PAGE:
She shuddered at the last few memories she could recall before the red light took her. Fifty-five percent. That was how much of her DNA belonged to Gyrados now. And Giovanni had most definitely captured her in a Pokéball; she’d been unable to escape. So… did that make him her trainer now? She couldn’t think about it.
What she did think about was her anger. Or rather, her lack of it. Her life as a Pokémon trainer was over. She should have been livid. And yet, there was that small part of her–the little girl who fantasized about living underwater, who’d almost drowned in the ocean more than once because she just couldn’t stay away from it… Did she want to be a Pokémon trainer all those years just to bring her closer to this world, the one she could finally call her home?
Her head hurt. She let the philosophical thoughts go and focused on the present. Up on the surface, she could see the shadow of a feline Pokémon seated on the edge of the pool, staring into the water. For all the problems he had caused, Aquafeles did seem concerned about her after the merger. She supposed she should at least let him know she was capable of breathing down here.
“I’ll be right back,” she told the Goldeen.
A moment later, Misty broke the surface, sending a refreshing spray in all directions.
Aquafeles turned up his nose at the display. “And… how was it?” he wanted to know.
Misty pushed her wet hair out of her face. “It was… well, it was amazing,” she said. She couldn’t think of any other term for so many new sensations hitting her at once.
“So,” Aquafeles said, rubbing a paw against his whiskers, “you’re happy with this situation?”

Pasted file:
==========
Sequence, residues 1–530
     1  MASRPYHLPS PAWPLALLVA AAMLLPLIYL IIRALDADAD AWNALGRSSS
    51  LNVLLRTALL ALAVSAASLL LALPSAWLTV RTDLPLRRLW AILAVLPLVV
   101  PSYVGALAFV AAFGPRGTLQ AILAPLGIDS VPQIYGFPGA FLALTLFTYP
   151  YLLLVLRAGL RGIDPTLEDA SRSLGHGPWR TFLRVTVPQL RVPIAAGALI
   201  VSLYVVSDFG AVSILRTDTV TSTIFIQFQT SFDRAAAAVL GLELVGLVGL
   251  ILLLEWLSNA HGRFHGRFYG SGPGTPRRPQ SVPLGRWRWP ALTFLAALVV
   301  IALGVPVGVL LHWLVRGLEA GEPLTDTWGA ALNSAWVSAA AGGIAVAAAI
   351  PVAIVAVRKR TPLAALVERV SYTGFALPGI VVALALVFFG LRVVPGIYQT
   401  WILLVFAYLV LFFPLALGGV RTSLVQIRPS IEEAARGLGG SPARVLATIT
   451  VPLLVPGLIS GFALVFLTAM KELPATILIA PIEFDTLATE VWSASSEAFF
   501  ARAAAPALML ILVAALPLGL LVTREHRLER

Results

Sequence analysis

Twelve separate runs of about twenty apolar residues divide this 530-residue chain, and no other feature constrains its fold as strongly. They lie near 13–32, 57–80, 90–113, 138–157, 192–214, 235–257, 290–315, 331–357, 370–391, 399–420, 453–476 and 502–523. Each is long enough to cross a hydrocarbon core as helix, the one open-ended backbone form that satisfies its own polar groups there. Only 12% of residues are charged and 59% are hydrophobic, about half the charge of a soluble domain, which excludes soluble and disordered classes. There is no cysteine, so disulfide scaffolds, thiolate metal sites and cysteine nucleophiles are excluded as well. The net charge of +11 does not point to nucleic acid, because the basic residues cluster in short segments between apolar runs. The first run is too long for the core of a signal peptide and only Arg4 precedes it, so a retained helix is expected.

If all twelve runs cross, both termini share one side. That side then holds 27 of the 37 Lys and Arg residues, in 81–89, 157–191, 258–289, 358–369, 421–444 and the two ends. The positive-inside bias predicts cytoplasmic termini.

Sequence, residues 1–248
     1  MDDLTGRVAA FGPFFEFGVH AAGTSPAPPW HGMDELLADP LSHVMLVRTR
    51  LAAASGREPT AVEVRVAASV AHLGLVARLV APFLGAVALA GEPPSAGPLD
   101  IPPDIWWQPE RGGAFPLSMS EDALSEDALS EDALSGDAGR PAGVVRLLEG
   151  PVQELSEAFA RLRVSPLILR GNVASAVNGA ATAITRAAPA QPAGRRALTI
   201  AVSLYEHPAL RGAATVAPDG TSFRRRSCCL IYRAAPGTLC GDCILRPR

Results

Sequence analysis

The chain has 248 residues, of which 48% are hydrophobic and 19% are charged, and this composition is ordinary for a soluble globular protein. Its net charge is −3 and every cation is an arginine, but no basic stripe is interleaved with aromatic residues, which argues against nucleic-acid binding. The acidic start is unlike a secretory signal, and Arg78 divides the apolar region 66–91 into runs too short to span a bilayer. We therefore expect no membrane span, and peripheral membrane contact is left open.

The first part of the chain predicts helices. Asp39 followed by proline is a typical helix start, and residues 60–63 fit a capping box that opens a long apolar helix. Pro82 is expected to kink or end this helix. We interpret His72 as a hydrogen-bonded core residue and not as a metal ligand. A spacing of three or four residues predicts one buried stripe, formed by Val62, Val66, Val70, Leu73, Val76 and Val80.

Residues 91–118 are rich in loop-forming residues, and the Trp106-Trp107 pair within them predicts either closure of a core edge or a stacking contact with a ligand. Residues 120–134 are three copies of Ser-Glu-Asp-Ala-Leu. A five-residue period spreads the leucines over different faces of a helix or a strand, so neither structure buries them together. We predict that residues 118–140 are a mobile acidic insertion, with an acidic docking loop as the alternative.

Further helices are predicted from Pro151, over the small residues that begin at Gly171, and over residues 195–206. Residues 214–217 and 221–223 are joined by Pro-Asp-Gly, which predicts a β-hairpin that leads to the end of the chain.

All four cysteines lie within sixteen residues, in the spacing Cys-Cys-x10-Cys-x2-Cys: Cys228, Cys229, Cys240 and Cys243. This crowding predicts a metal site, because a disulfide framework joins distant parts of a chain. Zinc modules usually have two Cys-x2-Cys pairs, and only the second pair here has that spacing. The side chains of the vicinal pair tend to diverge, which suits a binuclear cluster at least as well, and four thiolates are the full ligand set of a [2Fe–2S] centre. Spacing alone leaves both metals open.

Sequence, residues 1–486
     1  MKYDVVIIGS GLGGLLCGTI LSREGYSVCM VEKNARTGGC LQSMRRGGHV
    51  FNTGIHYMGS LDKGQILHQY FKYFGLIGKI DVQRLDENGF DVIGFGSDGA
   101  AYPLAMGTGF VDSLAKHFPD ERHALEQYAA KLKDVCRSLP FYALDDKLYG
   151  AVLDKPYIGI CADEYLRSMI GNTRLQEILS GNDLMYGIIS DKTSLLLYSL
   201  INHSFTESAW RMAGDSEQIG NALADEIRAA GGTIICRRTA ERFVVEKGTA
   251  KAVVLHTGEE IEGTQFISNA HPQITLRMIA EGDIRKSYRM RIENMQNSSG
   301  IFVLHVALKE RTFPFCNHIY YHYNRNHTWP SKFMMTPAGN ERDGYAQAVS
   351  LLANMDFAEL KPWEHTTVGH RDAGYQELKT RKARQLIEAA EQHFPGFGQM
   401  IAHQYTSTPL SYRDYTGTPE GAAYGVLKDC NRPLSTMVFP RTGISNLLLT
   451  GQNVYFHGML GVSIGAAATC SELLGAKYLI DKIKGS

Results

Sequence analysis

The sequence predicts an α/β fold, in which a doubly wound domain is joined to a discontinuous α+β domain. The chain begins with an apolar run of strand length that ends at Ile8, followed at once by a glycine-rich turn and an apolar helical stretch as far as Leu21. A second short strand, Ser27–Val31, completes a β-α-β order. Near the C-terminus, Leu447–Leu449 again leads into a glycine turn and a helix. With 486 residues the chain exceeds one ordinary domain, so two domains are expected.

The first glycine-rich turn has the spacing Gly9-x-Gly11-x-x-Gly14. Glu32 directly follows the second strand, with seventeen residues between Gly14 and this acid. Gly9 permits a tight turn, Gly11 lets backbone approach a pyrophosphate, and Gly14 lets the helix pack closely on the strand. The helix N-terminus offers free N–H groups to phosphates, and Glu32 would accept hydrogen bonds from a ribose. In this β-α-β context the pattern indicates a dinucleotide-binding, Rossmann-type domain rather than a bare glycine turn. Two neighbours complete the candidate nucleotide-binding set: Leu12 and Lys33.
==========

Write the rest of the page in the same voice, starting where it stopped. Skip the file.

“Happy?” Misty stiffened. She was emotionally numb, she’d admit. But not going into hysterics was far from being happy. “I’ve got a Gyrados tail where my legs should be, and I’m being held prisoner in a tank in some secret Team Rocket base somewhere!”
Aquafeles seemed unfazed by her outburst and licked his paw. “Yeah,” he agreed. “But you didn’t answer my question.”
Misty scowled. “Of course I’m not happy,” she said. She looked down at the water, the vague shapes swimming below that she could rejoin whenever she wanted. “But… for now, I can keep going. I can breathe.”
She knew she should feel some more emotion about everything. Maybe her mind couldn’t handle any more emotion after the merger. Maybe all it could do now was absorb this strange new experience and form feelings about it later, when everything had settled.
Aquafeles yawned. “Well, that’s good to know,” he said. “Just from my humble observations, your friends are going to need that positive thinkin of yours. Probably sooner than later.”
Misty stiffened. “What’s that supposed to mean?”
“Your friend… the twerp–”
“His name is Ash,” Misty snapped.
Aquafeles rolled his eyes at the correct. “Fine. Whatever. Ash, then. He talked you into this, am I right?”
“I… I was thinking about doing it on my own,” Misty replied, twisting her fingers and lowering herself in the water a bit. “But I was having some doubts before he talked to me…”
Aquafeles shook his head. “Listen, there’s not a whole lot I can tell yous… on account of, I don’t know a whole lot myself. But I think the boss has some… some way of messing with your friend’s head. I think… he meant to discourage you from getting the merger at all.”
Misty laughed. She had to. The whole idea was so ridiculous… and so terrifying. “So, what? You’re saying Giovanni has a way to just change someone’s mind on something?” She tried to laugh again, but it didn’t quite come out right. Something about the way Aquafeles looked at her so solemnly stopped the sound in her throat.
Oh, gosh. He’s serious. She swallowed hard. “You need to get Ash down here to talk to me again,” she said. “I have to tell him this wasn’t his fault! And we have to figure out how to stop Giovanni from doing this again! What if he goes after–” She gasped and covered her mouth. “It’s too late, isn’t it? He’s already gone after Brock?”
Aquafeles didn’t respond right away, at least not vocally. Instead, he turned, flicked the water with his tail, and started towards the door. “I’ll see what I can do to get him here,” he said. “But I think your other gym leader friend should be the least of your worries.”